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Chicken Little or A Lot

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By Gini Raineycookbook_junkie[1]

Whether you’re ready or not, the next six weeks is coming down the tracks faster than a locomotive, and just in case you’ve forgotten (ha!) you have Thanksgiving Day, Hanukkah, and Christmas riding on that train!  While we know what all that entails, and no matter how much we plan and try to get things done in a timely fashion, before we know it we are totally over-whelmed by the long lists of everything we think we have to do!  So, wouldn’t it make sense to do some major simplifying in our lives so we could sit back and enjoy the holidays and our families?  You’d think that by now we would have figured it all out and how to do it, but yet, here it comes again – as regular as clockwork!

There’s this part of me that wants to do everything, have everyone over and enjoy the moment, but to be honest, since I am still working at least 8 to 10 hours a day, the other part of me just wants to find an easier and more efficient way to get things done.  So, planning ahead is really the way to go.  Last year I shared a lot of recipes and ideas that could help make life easier during the holidays.  Hopefully it worked for you, and if it did, let me help you out with a couple more great ideas for this year!

That soup recipe I shared with you last week for Pasta e Fagioli?  If you haven’t made it yet, go ahead and give it a shot and serve it for dinner.  Trust me – you will have a lot left over, so put the leftovers in a container and stow away in your freezer for dinner after one of those long, tiring days of shopping.  It doesn’t take much effort to thaw it out and warm it up on the stove top or recipesin the micro-wave, and it will save a lot of time for you and make you look fancy in front of your family as well!

A cookbook that should be a standard in most homes is “Best Recipes – From the backs of Boxes, Bottles, Cans and Jars” by Ceil Dyer.  This nearly 600 page book, published in 1993 by Galahad Books, is crammed full of all of the great recipes that have been featured on, you guessed it, the backs of boxes, bottles, cans and jars of some of the best known food brands around.  With this book you can benefit from the results of the test kitchens of the likes of Hershey, Campbells, Heinz, Uncle Ben’s, Ortega, Tabasco, and many, many more.

While flipping through all of the yummy recipes, I came across one for Wild Rice-Chicken Supreme that carries the legend “This is the recipe that convinced literally a million Americans that Uncle Ben’s© Long Grain and Wild Rice was indeed worth the price.”  While this recipe sounds great, I’m going to share my own version because, well, because I can!  While their recipe calls for the long grain/wild rice blend, I use all wild rice, mostly because I have a dear sister who blesses me annually with a couple pounds of it.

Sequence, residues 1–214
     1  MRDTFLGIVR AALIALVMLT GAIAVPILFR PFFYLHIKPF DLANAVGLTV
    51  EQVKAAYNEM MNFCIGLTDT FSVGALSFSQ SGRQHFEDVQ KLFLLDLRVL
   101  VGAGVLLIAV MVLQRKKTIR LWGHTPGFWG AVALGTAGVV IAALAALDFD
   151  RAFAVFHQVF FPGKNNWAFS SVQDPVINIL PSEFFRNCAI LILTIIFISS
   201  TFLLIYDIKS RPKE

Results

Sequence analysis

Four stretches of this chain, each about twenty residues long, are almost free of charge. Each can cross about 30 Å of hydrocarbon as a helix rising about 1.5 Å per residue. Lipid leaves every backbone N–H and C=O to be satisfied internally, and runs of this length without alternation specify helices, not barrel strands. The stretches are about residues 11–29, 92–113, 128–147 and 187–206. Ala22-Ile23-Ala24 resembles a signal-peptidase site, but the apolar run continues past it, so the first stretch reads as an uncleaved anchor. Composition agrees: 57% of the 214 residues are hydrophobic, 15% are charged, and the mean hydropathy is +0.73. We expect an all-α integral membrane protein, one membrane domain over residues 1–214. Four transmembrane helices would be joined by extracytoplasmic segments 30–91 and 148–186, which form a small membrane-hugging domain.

So, I start out with a cup of wild rice, well-rinsed, in a 2 quart saucepan, along with about 3 cups of water and 1 can of chicken stock and bring it to a boil. To that (you want the easy version, right?) add about 1/4 cup onion flakes and a couple of diced celery ribs. Reduce heat to medium and cook until rice is tender.  Don’t believe that stuff about it only takes 20 minutes to cook,  I’ve yet to have that be the case.  Keep an eye on the liquid level and if need be, add more water. Meanwhile, sauté about 8 ounces sliced mushrooms in a tablespoon of butter.  When rice is tender, drain and pour it back into the saucepan, along with the mushrooms.  Add salt and pepper to taste and pour into a 9 x 12 baking dish and place 4 boneless chicken breast halves on top.  Pour one can of cream of mushroom soup into a mixing bowl along with one soup can full of dry white wine and blend together.  Pour over the chicken/rice, cover with foil and bake for an hour in a 325° oven, removing foil for last 10 minutes.  Serve with a green salad and crusty french bread – and oh, wow!  Good stuff.  Helpful Holiday Hint?  Make it ahead and freeze for that busy day!

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Books

Book Lovers Events: Hot Summer Signings & More

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From book signings to Meet & Greet’s, Tyler  offers every Book Lover a lot of fun things to do. Check out these events:

For more events, check out EGuideMagazine.com ‘s entire

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Books

Reading the Kids Back to School

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By Gini Rainey

“Mischief and Mayhem: Part I of the Faerlands Chronicles”

by S. D. Nicholson

I think you know me by now to know that magical kingdoms and fantasy are not the usual genre of reading that I reach for.  So, when I was approached by the author’s publicist to read and review this book, I wasn’t even aware it fell into this area.  With that being said, I must admit that I have thoroughly enjoyed and been intrigued by the characters and tiny world that Mr. Nicholson has created in his first book.  Without a doubt, the main character, the tiny fae Ophelia, is every bit a heroine as are her six-foot tall counterparts.

I have no doubt in my mind that while the faes and faers of Nicholson’s book are In a struggle to preserve and maintain peace in their homeland, it is also analogous to the struggles we humans face on a daily basis while trying to attain a peaceful coexistence with the other inhabitants of this big blue marble.

The not so terribly hidden messages in Nicholson’s book came through loud and clear to me:  that if we spend quiet time by ourselves, we will be able to find and explore fully what our capabilities are, and additionally, fight for what we hold near and dear.  This is an outstanding read.  Not only will it capture your imagination, but it will also have you start thinking about what undeveloped talents and truths you might not have discovered about yourself.